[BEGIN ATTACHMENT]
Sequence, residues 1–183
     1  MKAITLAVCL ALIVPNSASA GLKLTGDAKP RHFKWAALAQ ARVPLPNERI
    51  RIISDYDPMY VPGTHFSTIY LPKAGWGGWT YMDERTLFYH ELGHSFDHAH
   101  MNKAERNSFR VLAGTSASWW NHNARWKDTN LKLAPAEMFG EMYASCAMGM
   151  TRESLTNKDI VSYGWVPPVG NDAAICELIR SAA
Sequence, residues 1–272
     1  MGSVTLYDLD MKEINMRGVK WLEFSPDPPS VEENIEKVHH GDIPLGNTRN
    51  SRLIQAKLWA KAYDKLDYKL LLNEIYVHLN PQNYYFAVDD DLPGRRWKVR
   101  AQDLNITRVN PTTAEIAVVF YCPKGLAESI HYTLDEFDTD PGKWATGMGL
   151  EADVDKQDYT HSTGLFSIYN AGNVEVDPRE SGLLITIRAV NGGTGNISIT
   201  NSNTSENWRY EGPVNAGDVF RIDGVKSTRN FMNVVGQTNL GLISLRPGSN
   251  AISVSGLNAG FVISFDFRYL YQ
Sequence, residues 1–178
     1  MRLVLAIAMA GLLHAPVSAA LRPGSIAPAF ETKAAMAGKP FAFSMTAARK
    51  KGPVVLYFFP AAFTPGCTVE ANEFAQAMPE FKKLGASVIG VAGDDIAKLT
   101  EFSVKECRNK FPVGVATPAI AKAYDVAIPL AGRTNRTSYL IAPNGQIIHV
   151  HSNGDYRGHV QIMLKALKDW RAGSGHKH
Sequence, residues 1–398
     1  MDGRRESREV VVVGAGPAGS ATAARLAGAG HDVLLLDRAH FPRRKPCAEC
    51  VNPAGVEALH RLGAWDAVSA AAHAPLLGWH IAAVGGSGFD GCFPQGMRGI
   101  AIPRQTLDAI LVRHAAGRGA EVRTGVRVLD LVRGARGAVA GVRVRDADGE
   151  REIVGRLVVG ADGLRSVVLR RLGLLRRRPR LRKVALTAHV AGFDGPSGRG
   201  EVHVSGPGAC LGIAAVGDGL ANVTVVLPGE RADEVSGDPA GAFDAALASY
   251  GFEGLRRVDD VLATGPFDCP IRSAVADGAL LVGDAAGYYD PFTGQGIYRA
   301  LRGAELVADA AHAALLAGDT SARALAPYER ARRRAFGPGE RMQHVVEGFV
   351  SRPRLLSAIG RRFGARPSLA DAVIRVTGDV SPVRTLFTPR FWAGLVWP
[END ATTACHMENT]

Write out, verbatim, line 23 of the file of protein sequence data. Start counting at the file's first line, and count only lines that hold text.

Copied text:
   201  EVHVSGPGAC LGIAAVGDGL ANVTVVLPGE RADEVSGDPA GAFDAALASY